Retelling Trauma through Panels and Word Bubbles (Revisited)

17 Feb

Awhile ago, while I was still in school at Emerson College, I wrote a paper for a class called On Death and Dying, that explored different aspects of how we as people portray and ultimately deal with the inevitable ending of our lives. My case for this paper was to argue that the Comics medium, in the past few decades, has the ability to hold the same sense of emotional significance and conveyance when portraying traumatic events or wrongdoings that other media, like print and television, have. While I made my point, providing seemingly endless examples like Denny O’Neil’s Green Lantern/Green Arrow and specifically, a comparison of Art Spiegelman’s Maus and Keiji Nakazawa’s Barefoot Gen, a true exploration of the content was never fully realized. I was merely stating facts about how books conveyed emotion and trauma but not how they helped us to learn from the events.

That, ladies and gentlemen, is what I hope to accomplish with this posting: a comparative look at how Maus and Barefoot Gen, two outstanding works about horribly traumatic events, show us the basic human levels of survival and how trauma ultimately affects the rest of the world around us.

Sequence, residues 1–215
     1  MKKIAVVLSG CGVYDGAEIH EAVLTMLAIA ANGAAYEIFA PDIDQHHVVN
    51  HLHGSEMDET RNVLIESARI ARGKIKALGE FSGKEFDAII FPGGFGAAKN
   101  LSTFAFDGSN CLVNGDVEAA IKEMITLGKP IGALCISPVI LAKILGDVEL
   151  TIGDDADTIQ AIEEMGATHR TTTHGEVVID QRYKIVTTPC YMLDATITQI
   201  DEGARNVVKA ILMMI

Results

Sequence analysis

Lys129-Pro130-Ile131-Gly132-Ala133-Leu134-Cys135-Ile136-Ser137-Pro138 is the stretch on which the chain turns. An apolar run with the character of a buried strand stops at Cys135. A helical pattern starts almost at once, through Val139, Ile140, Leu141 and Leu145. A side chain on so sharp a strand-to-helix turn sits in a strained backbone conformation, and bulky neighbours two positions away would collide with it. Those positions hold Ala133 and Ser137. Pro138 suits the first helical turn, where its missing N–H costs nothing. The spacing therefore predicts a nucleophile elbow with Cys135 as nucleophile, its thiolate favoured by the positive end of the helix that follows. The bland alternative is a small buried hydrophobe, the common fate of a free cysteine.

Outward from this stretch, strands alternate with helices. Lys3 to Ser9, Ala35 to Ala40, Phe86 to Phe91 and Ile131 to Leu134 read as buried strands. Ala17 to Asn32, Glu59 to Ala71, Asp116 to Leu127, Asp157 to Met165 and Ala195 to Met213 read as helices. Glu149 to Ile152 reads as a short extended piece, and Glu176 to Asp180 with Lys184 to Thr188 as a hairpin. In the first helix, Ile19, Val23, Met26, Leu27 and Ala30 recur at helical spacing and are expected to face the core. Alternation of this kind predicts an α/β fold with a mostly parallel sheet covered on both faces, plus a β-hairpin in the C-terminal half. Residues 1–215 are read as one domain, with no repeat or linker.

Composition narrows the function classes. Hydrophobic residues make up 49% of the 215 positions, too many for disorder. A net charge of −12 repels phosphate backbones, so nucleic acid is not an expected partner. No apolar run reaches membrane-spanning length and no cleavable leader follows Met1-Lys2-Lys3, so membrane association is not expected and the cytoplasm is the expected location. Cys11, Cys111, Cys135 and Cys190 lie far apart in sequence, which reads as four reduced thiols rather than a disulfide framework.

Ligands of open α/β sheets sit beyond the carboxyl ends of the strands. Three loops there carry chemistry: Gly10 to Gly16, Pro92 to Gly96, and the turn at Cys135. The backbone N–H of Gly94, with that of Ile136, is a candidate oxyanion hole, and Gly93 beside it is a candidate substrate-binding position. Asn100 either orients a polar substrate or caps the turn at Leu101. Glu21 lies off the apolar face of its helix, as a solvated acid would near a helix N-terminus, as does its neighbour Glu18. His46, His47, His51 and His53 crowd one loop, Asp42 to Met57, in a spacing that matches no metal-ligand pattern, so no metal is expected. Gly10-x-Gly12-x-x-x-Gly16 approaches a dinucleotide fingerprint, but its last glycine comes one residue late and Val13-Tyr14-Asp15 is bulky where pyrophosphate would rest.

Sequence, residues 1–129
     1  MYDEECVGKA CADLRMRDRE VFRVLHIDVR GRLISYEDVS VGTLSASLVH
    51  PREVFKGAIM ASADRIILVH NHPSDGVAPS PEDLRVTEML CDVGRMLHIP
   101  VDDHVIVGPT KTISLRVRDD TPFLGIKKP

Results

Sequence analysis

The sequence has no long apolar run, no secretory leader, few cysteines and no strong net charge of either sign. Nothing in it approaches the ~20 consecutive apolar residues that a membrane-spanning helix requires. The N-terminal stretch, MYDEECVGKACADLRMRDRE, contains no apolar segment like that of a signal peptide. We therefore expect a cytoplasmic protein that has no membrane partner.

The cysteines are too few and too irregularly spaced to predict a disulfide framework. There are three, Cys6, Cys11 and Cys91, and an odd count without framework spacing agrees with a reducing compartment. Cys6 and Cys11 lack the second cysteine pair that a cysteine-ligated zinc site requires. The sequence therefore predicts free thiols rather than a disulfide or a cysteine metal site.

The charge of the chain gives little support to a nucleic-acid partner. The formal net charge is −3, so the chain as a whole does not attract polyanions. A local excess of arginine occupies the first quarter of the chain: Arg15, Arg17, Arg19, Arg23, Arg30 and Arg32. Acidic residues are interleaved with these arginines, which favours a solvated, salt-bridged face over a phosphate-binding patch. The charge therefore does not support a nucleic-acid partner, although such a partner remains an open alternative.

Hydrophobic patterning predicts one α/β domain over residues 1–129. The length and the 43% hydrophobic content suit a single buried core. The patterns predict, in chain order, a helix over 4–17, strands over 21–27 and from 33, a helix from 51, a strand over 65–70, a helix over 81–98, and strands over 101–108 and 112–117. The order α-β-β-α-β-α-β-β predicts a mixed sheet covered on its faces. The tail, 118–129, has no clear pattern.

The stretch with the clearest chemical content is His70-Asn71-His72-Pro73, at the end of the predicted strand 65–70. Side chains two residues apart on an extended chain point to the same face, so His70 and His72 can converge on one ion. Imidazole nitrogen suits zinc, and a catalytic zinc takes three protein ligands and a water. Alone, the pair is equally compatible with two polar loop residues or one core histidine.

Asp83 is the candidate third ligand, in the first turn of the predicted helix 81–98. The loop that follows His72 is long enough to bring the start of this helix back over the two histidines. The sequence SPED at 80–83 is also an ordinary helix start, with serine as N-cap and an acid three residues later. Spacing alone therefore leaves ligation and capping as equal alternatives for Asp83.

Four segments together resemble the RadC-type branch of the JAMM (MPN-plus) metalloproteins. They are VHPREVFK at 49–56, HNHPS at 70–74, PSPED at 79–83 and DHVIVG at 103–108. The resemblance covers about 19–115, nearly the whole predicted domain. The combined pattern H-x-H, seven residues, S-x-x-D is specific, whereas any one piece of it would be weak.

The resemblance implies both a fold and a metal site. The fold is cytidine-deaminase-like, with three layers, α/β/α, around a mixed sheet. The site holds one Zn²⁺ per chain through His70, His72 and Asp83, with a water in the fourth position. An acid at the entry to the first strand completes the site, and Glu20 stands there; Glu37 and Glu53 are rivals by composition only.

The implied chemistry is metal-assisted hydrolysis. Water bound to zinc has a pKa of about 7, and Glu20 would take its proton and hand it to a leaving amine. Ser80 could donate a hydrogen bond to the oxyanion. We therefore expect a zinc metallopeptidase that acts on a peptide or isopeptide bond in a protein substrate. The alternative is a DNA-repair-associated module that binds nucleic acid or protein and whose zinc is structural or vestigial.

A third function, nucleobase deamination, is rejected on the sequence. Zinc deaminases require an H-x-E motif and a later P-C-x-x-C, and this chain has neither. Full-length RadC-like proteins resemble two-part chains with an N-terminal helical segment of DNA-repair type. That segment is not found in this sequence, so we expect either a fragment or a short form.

To start, I want to get my artistic points out there, before I get to the meat and potatoes of the discussion. I think Barefoot Gen‘s artwork really detracts the stories more serious elements for me. I have never seen this specific point brought up before, instead the opposite (that the artwork is frighteningly horrific) has, but I find the artwork a little too cartoony; almost in a Disney-esque sense. It really takes me out of the context of the story and we all know for a fact that this wasn’t Nakazawa’s intention. His images have struck chords with other artists, including Spiegelman who states “I will never forget the people dragging their own melted skin as they walk through the ruins of Hiroshima, the panic-stricken horse on fire galloping through the city, the maggots crawling out of the sores of a young girl’s ruined face.” Maus on the other hand, takes the cake in this aspect, creating a clever method of representing race and prejudice through the guise of animals, intentionally taking a less harsh route artistically. The Jewish people are mice, with their German hunters portrayed as cats; feeble mice powerless in the face of their predator. It creates this fantastic, easily accessible imagery that allows the reader to understand the realty of the situation by an extremely commong association. Maybe its because I’ve never been in any traumatic accident myself (godbless) but for me, a cat chasing a mouse is more representative an image than a city in flames.